There’s gold in those hills – that is golden mushrooms
Pacific Golden Chanterelles became the Oregon State mushroom in 1999. And no wonder, Oregon harvests over 500,000 pounds annually!
Chanterelles are one of the most popular wild edible mushrooms and tend to command a high price in both restaurants and specialty stores. Their rich, distinctive taste and aroma often puts them into the same gourmet fungi short list with truffles and morels.
Where do Pacific Goldens Grow?
Chanterelles grow in Pacific Northwest conifer forests that include western hemlock, Douglas-fir, and Sitka spruce (and live oaks in California). It forms a mycorrhizal mutually beneficial (symbiotic) relationship with these trees.
Pacific Gold Chanterelle is one of several chanterelle mushrooms. It is sometimes hard to tell one from another. The Pacific has a long, graceful funnel-shaped stem that tapers to the base. The wavy cap has tiny, dark scales on the pinkish orange-yellow surface. The false gills look like forked wrinkles with a pinkish hue. The scales and pinkish colors are sometimes absent in wet conditions. Look for a distinctive fruity apricot aroma.
Not the Same
Recent DNA work helped identify the differences between ‘Cantharellus cibarius’ (Golden Chanterelle), ‘Cantharellus formosus’ (Pacific Golden Chanterelle), and other related species. At one time all chanterelles in the Pacific Northwest were considered ‘cibarius.’ Turns out they are not. See https://en.wikipedia.org/wiki/Chanterelle.
The cibarius for instance grow in clumps among the moss in coniferous forests. Some grow in grasslands, mountainous birch forests, or beech forests depending on the location and specific species. Cibarius are yellow or golden, funnel-shaped, and meaty. Gill-like ridges run down the stem under the cap and they may smell fruity, woody, or earthy. For more information on these findings see: The Wild Mushroom Expert (https:www.mushroomexpert.com/cantharellus_formosus.html).
Mushrooms can be difficult to identify and several, like the cibarius and formosus, look very similar. There are other mushrooms that look like these including the false chanterelle which is darker almost orangeish with a dark center that grades out towards light edges. False chanterelle is not dangerous, but could upset your stomach. It also tastes bad.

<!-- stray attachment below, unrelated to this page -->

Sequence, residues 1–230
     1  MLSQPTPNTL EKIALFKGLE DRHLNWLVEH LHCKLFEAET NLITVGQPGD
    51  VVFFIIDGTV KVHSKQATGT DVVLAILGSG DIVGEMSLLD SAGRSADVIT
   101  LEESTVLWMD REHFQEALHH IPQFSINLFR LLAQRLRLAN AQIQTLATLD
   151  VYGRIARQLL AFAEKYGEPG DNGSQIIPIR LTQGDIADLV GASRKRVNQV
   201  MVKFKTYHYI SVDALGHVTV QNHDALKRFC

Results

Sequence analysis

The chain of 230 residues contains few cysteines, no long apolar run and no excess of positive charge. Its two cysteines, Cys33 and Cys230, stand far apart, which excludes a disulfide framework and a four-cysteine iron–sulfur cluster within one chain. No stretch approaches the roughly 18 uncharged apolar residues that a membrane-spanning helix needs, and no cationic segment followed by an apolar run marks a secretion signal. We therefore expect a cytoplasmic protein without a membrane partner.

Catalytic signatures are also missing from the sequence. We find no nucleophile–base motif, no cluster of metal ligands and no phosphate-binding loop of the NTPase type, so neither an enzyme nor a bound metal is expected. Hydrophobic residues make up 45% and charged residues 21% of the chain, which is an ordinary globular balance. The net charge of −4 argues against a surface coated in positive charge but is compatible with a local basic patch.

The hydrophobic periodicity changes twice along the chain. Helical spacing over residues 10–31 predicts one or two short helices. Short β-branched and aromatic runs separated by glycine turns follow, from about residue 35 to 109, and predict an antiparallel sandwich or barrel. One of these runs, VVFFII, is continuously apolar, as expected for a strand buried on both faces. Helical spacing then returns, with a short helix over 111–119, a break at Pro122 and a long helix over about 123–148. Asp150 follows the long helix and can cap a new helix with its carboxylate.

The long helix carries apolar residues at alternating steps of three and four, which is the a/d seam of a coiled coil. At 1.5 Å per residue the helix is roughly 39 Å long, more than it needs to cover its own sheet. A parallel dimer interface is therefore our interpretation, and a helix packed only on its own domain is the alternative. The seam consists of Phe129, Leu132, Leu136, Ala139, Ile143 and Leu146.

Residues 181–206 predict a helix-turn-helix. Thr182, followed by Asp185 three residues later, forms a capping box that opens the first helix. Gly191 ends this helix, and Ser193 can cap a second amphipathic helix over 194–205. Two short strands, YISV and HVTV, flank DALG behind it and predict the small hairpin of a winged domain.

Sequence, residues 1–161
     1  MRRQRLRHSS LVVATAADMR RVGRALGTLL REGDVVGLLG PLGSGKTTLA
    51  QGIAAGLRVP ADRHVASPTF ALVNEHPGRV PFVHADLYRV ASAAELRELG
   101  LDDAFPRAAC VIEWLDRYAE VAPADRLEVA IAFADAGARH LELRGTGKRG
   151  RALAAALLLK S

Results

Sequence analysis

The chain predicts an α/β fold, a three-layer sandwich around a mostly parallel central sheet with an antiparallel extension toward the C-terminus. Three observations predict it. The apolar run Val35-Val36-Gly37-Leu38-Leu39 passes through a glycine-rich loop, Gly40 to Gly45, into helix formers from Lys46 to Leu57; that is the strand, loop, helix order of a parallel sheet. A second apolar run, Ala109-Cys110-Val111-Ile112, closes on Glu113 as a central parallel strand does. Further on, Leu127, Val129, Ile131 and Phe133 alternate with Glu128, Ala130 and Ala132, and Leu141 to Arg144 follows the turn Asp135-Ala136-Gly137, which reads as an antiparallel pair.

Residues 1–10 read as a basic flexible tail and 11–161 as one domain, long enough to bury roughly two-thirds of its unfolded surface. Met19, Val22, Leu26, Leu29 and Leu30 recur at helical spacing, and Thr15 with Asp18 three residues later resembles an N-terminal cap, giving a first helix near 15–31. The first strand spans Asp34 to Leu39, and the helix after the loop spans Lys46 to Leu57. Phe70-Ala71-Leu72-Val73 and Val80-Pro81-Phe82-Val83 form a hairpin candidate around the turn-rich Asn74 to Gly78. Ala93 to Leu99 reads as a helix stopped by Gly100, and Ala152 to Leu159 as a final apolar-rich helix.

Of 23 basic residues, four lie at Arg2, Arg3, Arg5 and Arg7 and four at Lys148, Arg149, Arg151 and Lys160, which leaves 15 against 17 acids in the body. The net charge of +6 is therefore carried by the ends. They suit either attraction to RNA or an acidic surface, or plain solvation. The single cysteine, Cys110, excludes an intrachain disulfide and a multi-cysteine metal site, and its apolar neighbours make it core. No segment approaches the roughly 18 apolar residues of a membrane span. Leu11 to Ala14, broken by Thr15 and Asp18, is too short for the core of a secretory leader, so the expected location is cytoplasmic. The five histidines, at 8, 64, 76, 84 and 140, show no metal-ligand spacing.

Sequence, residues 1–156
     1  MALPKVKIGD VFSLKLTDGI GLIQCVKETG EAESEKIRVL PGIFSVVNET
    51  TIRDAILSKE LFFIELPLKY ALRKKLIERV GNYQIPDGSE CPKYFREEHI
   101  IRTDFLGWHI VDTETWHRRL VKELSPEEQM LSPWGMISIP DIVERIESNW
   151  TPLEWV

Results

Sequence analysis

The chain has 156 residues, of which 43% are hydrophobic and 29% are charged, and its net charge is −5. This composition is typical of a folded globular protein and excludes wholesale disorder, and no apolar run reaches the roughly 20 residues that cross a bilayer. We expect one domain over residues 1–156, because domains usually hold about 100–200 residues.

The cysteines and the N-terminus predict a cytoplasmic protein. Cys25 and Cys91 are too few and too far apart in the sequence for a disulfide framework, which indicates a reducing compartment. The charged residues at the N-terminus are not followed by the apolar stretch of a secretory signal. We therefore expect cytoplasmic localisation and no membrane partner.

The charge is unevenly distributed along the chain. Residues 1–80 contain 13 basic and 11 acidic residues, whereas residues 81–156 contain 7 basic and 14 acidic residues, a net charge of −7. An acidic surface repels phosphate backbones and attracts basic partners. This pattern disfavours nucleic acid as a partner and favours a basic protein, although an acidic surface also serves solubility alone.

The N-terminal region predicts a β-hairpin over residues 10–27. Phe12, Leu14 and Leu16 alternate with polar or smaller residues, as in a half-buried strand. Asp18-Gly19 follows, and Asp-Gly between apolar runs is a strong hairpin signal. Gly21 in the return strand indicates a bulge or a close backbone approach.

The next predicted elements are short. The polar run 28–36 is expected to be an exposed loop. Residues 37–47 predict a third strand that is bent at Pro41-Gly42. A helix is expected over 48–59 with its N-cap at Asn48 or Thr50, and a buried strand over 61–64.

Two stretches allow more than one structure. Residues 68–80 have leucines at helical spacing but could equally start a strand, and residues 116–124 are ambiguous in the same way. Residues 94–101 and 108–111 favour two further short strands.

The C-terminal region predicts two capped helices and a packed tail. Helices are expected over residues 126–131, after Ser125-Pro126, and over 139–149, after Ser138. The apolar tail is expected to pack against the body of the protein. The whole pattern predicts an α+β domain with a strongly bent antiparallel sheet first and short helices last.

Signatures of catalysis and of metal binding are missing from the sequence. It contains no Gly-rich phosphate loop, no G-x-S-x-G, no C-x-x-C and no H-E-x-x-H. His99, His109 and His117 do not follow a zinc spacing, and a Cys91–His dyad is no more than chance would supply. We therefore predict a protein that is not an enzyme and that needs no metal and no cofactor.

Jack-o-lantern mushrooms are toxic and sometimes mistaken for chanterelles. The gills of a jack-o-lantern mushroom are much thinner, deeper, and more delicate than the smooth, blunt, and shallow gill-like ridges of a chanterelle.
Fresh chanterelles are the best to cook with. They dry well, but can become a bit chewy when reconstituted. Chanterelles can be dried and ground to a flour or frozen for short amounts of time.
Cooking releases the complex flavors of a chanterelle, especially when cooking with wine and butter. There are several fabulous recipes around to experiment with (like in sauces, sautés, soups, etc.). Look for Chanterelles at local farmer’s markets, gourmet stores, and gift stores.
The key to enjoying mushrooms is making sure that you have the right one. Some are poisonous (see chart at https://en.wikipedia.org/wiki/Mushroom_poisoning). Most poisonous mushrooms will cause vomiting and diarrhea with no long-term damage. Other mushrooms can be deadly and cause damage to kidneys and liver. Do your research, learn how to safely identify your target, and similar mushroom species.